Don't ask me how I managed to paint them all and hold down a regular job !!). There were six players representing Austria, France, Prussia, Russia, Hanover and Piedmont in the first. The 2nd being Austria, France, Prussia, Russia, Hanover and the British Colonies in America.

For most of the 18th century the British Army played an auxilliary role to the Hanovarian forces. I also had armies representing Spain and the Italian City States, Genoa, Modena and Naples.

Basically armies moved from state to state ( the map is available in my book Table Top Battles ) . When two opposing armies moved into the same area I fought out the battle, solo, and sent the results to each player.

To set up the battle I would briefly research the ground using mainly modern maps and old ones if I could find any online to view. I would look at the numbers on each side then throw dice to decide who wanted to attack or defend. I then set up suitable terrain based on the maps I had seen.

There were a few surprises. In one game I set up, the Prussian camp was attacked by the Austrians.  I gave the battle a name based on the nearest town only to find out later that Frederick had actually camped near that town on one of his Campaigns!.

On another occasion the Prussian player used a strategic move which came to grief  over several campaign turns. Again I later found out through reading that Frederick has discounted this strategy because the supply lines were to vulnerable. I had taken this into account while umpiring!!

After these campaigns finished  I sold a large amount of the collection. This was in part due to outside influences but I still maintained a dozen or so bases of each nation. I just could not bring myself to let go of all of them.

A few years later. I found myself at a loose end one evening when my Wife was on a night shift. ( I very rarely had these as a working person at that time!!) and I realised  that I had never in my Wargaming Life attempted a historical game.

By now my available table space being 3 feet by 2 feet and my collection being a lot smaller,how was I to do this??. I started by picking a battle, in this case Lobositz.I then looked at the terrain. I knew I could not build the battlefield in its true features so I picked out the parts that influenced the battle. The armies were scaled at 1point for 500 men ( this Procedure is also shown in Table Top Battles ).

Not having large armies I "allied" certain figures together, in this case Prussia, Brunswick and Wurttemberg on one side, Austria,  Saxony, and Riechsarmee on the other. All the scenery was set up on the grid in a rough approximation of the battlefield and I set up the scaled down version of each army using the smaller squares to ascertain positions. It worked! Much to my surprise!.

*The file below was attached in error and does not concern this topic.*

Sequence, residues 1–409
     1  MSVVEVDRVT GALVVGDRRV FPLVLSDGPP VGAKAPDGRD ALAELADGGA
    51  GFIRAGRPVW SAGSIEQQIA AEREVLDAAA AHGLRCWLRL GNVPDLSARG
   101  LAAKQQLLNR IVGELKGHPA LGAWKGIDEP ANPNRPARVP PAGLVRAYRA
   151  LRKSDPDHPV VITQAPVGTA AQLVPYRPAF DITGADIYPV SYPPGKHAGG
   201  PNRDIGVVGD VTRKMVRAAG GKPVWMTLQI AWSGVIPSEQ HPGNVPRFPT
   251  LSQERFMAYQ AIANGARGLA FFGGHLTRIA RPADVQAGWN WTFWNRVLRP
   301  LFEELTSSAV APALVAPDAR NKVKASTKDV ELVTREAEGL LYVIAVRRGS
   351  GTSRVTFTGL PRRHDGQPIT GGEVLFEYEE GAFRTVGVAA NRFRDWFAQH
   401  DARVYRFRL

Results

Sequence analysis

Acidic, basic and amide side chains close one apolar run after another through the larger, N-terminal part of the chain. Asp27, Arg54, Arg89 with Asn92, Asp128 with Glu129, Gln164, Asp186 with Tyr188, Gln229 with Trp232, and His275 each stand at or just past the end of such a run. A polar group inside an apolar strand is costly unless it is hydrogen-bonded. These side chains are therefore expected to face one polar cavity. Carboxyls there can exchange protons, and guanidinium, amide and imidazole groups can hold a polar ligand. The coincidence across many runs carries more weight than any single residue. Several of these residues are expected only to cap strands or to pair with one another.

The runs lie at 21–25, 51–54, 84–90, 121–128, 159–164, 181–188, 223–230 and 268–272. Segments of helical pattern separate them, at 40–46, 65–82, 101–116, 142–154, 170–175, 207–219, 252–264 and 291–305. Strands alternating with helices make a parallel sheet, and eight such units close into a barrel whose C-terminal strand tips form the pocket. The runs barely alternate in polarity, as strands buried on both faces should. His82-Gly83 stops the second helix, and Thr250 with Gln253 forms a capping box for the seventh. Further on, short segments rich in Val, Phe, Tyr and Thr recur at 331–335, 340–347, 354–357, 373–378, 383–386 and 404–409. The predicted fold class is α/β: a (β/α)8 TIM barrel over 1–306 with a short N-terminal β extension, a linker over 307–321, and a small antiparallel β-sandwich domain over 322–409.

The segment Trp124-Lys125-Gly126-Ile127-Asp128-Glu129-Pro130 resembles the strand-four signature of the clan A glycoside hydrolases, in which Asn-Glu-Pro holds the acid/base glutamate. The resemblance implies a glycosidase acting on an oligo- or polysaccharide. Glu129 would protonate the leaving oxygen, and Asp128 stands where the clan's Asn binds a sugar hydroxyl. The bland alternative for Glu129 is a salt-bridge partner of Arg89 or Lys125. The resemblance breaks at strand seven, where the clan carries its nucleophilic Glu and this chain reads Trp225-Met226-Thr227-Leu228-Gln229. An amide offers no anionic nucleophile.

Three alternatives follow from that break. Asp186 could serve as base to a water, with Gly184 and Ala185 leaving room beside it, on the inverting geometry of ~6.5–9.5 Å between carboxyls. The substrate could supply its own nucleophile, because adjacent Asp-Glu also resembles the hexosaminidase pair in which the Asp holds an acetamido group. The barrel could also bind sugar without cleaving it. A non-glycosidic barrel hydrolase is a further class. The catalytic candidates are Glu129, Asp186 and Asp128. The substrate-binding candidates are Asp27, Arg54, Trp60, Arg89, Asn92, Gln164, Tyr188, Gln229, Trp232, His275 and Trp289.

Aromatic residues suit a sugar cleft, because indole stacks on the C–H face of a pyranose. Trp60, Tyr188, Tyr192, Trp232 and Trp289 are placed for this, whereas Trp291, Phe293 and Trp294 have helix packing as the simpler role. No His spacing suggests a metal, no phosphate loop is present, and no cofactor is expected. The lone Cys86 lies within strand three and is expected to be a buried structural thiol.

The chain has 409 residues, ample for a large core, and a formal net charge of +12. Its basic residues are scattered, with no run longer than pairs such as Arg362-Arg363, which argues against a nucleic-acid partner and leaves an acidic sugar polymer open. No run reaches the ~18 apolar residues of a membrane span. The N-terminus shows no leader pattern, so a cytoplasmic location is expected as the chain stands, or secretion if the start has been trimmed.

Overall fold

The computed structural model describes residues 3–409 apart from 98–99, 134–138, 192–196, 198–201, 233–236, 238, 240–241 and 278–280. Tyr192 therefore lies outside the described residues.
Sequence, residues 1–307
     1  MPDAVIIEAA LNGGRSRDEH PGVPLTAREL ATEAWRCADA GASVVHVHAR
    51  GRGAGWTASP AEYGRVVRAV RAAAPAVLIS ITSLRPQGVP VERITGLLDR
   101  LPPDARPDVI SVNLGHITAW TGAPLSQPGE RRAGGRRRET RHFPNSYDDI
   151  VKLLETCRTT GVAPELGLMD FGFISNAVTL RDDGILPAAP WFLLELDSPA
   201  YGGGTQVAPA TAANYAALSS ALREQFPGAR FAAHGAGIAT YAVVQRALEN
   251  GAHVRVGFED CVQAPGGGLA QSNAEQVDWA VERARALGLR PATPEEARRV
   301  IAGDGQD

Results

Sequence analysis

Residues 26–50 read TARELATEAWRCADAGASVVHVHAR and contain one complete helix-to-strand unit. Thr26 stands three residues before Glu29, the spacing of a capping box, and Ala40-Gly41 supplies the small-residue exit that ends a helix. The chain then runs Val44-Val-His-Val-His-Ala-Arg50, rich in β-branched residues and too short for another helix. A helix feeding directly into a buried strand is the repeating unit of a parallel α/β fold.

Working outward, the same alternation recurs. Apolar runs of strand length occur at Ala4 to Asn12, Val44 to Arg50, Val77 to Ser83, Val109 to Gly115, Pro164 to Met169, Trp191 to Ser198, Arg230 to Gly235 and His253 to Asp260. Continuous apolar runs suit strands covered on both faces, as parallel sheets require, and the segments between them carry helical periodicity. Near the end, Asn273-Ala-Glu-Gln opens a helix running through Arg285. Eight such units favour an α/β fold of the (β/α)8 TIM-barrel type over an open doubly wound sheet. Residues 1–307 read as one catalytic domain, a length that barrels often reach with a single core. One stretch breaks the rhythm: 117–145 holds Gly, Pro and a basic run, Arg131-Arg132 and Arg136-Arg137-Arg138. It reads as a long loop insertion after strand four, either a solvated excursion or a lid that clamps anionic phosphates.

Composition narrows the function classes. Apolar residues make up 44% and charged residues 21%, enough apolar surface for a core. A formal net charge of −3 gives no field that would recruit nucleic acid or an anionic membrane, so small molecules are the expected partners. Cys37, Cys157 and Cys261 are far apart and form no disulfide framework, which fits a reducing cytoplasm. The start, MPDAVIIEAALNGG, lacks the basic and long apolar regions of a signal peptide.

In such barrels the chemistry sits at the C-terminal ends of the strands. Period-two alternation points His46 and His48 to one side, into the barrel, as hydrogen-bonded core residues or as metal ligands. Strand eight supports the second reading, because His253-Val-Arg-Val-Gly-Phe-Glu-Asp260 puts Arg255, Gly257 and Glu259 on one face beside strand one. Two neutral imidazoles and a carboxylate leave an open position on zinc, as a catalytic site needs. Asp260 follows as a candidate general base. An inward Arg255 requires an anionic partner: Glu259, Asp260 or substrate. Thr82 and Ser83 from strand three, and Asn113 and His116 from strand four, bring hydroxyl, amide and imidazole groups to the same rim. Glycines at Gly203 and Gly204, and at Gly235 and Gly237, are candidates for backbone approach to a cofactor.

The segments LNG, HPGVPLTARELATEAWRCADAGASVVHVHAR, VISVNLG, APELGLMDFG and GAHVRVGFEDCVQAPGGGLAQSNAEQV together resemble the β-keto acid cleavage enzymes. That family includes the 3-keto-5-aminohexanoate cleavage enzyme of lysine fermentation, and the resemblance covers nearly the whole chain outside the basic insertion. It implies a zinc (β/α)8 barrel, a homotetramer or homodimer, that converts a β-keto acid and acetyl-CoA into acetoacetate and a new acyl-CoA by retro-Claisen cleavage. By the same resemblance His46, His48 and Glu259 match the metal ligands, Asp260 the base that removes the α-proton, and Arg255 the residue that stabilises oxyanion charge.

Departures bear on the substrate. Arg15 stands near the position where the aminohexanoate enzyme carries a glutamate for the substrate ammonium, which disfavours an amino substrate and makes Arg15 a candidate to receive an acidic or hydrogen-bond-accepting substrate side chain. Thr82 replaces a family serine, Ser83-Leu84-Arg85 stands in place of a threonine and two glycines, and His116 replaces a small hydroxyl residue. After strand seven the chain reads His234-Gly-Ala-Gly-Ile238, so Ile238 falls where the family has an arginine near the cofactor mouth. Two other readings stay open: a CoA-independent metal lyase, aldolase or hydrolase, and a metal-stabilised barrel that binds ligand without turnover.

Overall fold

I used the solo rules ( updated in the 2nd edition) and the result was a hard fought victory for the Prussians. We now come full circle to the reason as to why I am collecting another Swedish and Russian Army ( yes they went with the previous lot!. Why do we do it!!???). I want to to do as many historical battles as I can and write about them. I  retired from work at 65 ( I consider myself very fortunate) and this is a task I've set myself. I want to start in some sort of chronological order, so I,m starting with the Northern and Mulburian era. I,ve also dicovered that having painted the armies, I have to collect and paint dismount markers!. This is because the Russians, and in some cases the Swedes used their Cavalry in a dismounted roll.Hence the reasoning behind painting up the figures. In turn I haven't had much time for blogging.  Now I just need to paint up some Xhosa------------

This rather bad photo was taken from my old mobile to give you some idea of my methods.

These next pics are of the dismount markers prepped. The horse's are from The PeterPig AWI RANGE with the heads changed from the casque to tricorns from the HEAD range. The dismounted cavalrymen are PeterPig Jaegers, again from the AWI range. For the dismounted Poles, Cossacks and Militia I used figures from the Miniature Figurines Great Northern War with PeterPig Command. The flags are masking tape and roughly painted ( or will be) by me.